But it often isn't enough to rely on "owned" traffic that shoppers see when they follow a retailer, Cost says. In part, that's because the social network says a Facebook user typically sees only about 16% of the content his connections post on the social network. That's because Facebook only presents consumers posts it deems interesting to them.
To increase that share, retailers have to "earn" views by drawing shoppers in by posting content interesting enough that shoppers pass it along or mention the brand in their own posts, Cost says. Deb Shops also pays to promote posts on Facebook and Twitter to ensure its messages are seen by a certain percentage of fans—or other consumers—along with social networks' other ad formats that focus on boosting engagement via Likes, comments or retweets.
Deb Shops uses both Facebook's Custom Audience tool that lets advertisers use information shoppers share with them off of Facebook to target ads on the social network, and its Lookalike Audience tool that lets marketers target ads at consumers who share similar traits to its Custom Audience segments. It also employs other targeting options, such as age, interests and location, to present consumers ads featuring products and styles that match their tastes. It uses ads like Sponsored Stories, which let a brand pay to promote a message about a consumer's friend engaging with its page, app or event, and Promoted Posts, which let it pay to ensure a post receives a predetermined number of impressions from its fans and from consumers likely to be interested in its brand.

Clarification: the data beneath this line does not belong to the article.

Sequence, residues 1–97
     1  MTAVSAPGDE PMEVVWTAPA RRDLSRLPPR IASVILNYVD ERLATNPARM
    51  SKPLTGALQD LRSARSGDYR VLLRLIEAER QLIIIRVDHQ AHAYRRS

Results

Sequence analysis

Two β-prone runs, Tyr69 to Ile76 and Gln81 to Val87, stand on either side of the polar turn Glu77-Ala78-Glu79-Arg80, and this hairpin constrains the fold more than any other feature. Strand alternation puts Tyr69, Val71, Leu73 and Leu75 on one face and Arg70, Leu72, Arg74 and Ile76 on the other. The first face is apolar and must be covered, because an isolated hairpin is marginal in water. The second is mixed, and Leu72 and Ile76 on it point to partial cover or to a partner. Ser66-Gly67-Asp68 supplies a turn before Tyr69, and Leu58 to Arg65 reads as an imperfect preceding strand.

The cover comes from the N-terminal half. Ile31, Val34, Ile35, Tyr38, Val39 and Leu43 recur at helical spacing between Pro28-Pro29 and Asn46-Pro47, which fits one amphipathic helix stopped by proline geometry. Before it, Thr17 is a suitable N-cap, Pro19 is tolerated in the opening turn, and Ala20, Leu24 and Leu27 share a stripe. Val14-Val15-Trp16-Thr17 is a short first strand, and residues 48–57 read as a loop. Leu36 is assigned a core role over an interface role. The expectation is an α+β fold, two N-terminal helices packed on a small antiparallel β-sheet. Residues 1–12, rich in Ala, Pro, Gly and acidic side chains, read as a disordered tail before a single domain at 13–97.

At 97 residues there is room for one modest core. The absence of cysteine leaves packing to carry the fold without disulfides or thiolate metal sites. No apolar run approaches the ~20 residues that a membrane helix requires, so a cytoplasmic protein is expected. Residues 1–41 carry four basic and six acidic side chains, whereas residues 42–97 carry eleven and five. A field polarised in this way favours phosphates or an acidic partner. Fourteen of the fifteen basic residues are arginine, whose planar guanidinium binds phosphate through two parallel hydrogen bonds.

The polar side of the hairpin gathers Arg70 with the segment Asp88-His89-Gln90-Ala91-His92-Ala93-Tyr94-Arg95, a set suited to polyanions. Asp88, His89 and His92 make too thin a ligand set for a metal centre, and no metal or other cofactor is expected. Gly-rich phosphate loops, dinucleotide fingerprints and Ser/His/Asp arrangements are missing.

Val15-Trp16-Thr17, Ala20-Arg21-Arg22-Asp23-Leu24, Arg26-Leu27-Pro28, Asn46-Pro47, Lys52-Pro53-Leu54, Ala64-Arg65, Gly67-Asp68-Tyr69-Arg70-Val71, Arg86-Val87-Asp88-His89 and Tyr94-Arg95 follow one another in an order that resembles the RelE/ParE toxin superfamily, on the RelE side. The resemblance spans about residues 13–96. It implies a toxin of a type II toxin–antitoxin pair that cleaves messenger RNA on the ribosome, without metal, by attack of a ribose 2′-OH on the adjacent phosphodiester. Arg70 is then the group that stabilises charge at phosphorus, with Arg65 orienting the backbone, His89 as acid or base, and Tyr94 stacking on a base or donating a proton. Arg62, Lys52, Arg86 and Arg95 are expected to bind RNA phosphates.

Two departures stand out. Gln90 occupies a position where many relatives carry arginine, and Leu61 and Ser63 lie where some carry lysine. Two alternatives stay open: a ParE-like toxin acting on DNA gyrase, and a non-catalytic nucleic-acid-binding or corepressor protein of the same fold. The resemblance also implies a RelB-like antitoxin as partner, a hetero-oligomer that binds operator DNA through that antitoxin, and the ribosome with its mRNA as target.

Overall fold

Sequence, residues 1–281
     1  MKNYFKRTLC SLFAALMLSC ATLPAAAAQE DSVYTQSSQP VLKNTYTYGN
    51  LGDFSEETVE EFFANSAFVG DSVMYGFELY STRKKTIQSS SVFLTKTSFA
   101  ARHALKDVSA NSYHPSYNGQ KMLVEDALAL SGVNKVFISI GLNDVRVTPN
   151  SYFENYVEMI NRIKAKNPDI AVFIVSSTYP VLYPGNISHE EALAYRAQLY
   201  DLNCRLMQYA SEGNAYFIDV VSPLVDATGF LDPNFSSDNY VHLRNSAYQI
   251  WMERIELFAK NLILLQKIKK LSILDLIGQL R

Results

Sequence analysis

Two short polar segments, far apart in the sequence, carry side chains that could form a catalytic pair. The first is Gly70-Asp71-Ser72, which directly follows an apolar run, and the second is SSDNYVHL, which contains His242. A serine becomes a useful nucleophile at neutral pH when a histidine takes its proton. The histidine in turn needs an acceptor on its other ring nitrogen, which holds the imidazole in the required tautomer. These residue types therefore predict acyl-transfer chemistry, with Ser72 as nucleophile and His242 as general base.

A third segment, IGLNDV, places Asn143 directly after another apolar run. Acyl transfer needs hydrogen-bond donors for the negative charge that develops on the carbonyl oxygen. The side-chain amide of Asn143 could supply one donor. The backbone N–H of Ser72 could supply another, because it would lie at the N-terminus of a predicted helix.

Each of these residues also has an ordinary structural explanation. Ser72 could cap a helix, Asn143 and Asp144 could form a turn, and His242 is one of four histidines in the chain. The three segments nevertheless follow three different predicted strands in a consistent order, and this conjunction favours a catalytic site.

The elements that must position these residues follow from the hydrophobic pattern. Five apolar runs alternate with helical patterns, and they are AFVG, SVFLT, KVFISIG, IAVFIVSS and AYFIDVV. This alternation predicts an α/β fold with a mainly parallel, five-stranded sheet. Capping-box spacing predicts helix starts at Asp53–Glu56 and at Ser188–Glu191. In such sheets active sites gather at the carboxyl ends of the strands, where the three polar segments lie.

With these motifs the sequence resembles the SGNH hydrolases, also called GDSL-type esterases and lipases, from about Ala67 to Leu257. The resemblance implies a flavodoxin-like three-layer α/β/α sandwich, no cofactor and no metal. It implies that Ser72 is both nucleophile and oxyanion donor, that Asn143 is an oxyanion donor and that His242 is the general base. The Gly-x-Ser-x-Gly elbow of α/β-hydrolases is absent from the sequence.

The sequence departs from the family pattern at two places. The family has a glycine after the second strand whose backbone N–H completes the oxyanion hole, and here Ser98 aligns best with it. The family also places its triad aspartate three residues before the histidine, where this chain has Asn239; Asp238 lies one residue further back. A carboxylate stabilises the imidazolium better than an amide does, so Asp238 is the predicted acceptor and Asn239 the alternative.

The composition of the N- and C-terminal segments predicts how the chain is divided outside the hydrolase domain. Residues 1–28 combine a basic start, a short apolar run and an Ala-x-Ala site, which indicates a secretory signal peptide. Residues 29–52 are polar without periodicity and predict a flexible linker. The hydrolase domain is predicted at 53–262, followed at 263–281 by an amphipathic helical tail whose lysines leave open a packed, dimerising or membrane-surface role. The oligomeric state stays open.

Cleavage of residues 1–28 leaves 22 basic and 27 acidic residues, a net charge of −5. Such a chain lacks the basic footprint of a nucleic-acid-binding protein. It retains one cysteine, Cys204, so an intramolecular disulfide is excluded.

The retailer's approach to social network advertising mirrors efforts taken by several social networks including Facebook, Twitter and Tumblr over the past year to introduce new ad units and targeting tools that let marketers seek to drive specific results to a specific group of shoppers at a specific time and to demonstrate how shoppers respond.